Saturday, April 30, 2011
I've just been to see the new Thor movie, in (yet fucking again) 3D. And this after reading a review of the same film from one of my dearest friends, over here: Woland's Cat Reviews Thor.
It's not a good review. And viewed in one light, I can't really blame him. He's right when he observes that it's hard to get worked up when you know the main characters are fundamentally indestructible. And yeah, there's a lot of silly physics wedged into the storyline to explain the silly comicbook mythology of Marvel.
On the other hand -- it's a bloody superhero movie, innit? If you didn't go along expecting capes and CGI, lots of crashy, boomy fight sequences, trashing of scenery and improbable plotlines, what the hell were you doing there in the first place?
I can explain easily why I was there: I have two boys who love comics. And since Genghis had his weekly bass lesson at 1000, and the session for Thor began at 1045, it was easy to make the connection. I packed the Mau-Mau in the car as well, to give Natalie the morning on her own, and I even arranged for a couple of lasses from the ju-jitsu class (who are also comic junkies) to come along. Made for a nice trip all round, really.
And what did I get? Well, I got to see Natalie's new handmade violin. Genghis gets his lessons from a luthier who is himself a bassplayer, and the man in question is slowly, painstakingly, handcrafting a fiddle for Nat. Today it was fully assembled, though not yet varnished -- and honestly, the tone was amazing: rich and full. The instrument produces a huge sound, yet the tones are clean and pure. Once it's all done, it's going to sound fantastic. As it should... not a cheap toy at all. On the other hand, by selling off all the other fiddles that have come to a halt in our house over the last five years, Natalie has almost filled the bill already. And the sound of this new beast is so astonishingly good -- I had no idea the difference would be so great!
I also picked up a bunch of dark chocolate coated macadaemia nuts from the Coco Bean, as an anniversary present. Because yes, today Nat and I have been married for seventeen years. How the hell did that happen? I'm damned if I know.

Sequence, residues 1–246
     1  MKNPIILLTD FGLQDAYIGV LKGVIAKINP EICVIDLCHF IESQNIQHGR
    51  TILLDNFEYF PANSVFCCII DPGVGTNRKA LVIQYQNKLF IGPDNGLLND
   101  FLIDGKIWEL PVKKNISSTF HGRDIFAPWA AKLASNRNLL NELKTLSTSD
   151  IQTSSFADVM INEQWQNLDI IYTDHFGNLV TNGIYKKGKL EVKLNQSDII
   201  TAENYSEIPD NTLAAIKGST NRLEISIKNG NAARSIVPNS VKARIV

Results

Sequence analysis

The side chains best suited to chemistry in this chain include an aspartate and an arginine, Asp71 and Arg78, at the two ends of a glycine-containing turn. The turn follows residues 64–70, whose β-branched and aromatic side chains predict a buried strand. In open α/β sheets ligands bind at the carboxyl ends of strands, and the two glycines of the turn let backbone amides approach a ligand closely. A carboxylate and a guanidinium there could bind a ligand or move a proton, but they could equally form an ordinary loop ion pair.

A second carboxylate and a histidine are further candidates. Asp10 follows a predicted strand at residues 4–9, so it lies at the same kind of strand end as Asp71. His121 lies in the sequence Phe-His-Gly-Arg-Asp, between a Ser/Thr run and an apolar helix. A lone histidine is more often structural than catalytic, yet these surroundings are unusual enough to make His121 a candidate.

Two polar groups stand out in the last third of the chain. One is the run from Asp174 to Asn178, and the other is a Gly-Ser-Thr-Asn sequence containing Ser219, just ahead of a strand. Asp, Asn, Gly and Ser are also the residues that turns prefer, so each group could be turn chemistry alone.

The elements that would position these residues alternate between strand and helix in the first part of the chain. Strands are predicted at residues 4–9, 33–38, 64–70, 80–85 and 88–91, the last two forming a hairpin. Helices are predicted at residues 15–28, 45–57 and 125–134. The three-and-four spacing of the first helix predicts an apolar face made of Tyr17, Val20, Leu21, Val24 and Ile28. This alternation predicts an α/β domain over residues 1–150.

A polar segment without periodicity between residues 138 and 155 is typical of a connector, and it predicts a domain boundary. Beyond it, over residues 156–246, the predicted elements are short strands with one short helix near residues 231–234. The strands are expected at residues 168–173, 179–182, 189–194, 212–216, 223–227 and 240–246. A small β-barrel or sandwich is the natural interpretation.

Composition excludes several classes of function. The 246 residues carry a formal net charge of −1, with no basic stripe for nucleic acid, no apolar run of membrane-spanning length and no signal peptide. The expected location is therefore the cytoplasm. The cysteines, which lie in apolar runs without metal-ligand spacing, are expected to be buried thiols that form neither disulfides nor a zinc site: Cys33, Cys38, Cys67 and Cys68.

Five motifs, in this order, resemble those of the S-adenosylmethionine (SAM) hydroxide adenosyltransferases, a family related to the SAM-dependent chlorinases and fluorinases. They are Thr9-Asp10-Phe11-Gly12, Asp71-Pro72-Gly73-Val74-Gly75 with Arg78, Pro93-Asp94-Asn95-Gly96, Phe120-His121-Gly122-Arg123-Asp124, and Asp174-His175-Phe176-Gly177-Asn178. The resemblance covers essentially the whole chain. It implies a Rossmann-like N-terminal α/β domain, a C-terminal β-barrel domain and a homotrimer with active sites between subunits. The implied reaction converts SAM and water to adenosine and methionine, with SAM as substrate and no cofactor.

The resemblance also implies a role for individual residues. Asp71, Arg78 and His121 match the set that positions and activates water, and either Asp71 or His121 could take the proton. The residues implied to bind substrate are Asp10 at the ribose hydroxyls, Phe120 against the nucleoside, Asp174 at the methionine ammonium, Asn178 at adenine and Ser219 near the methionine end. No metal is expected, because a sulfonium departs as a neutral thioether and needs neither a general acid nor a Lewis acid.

They're good mac nuts. And I couldn't do a whole lot else: she's on call for obstetrics this weekend. That's how it goes.
The movie? Oh, well. Actually, it was pretty credible. It looked great, of course. And with Ken Branagh directing, what could easily have been a leaden-footed mass of posturing exposition actually moved along reasonably well. Of course it's all basically an origin story, a setup for forthcoming sequels and for the planned 'Avengers' flicks - but it didn't do too badly.
I was particularly impressed by the dialogue from Thor and the Asgardians in general. In the old Marvel comics, the characters speak in hyperdramatic bad Elizabethan, full of "thee" and "thou" and "thy" and hammy images. In the film, the language was -- just formal enough to be impressive, just off-kilter enough to be suggestive of an older form, and still quite clear. Nice work.
Thor's fighting technique was another pleasant surprise. Whoever blocked out the fight sequences understood that the character is meant to be tremendously powerful: he came across as a very direct fighter with a few canny moves, but mainly reliant on speed, strength, endurance, and a fuck-off big hammer in one hand. Anybody else remember the Spiderman stuff from way way back -- Nicholad Hammond, I think? They made that Spiderman a kind of kung fu fighter, which was just bloody stupid. It would have been easy to give Hemworth a different fighting style - one more appropriate to an armored medieval warrior. But someone understood, and allowed the combat to help build the character.
Would I see it again? Nahh. I bloody hate 3D. An hour or two in those goddam Buddy Holly glasses, and my eyes are red, weeping pissholes. The movie's not worth it. But we'll pick it up on DVD, and I'll probably sit through it again with the kids.
Hemworth did well. He had the right combination of cockiness and gravitas. He could possibly go on to be a real player. And the man doing Loki was effective in his role too. Natalie Portman was... wasted, really, as Jane Foster, Thor's Earthside squeeze. But hell, it's a paycheque, and she played her part as effectively as always. Anthony Hopkins was a natural as Odin - fair casting there, and points to Branagh for getting Hopkins into a comicbook flick.
We rounded the day off with a bite of lunch, and a trip to the secondhand bookstore. Then we came home, and the girls went back to their family while I sat down with mine. Played a fine game of Scrabble with Nat and Jake... and now everybody's in bed, so it's to work, to work for me.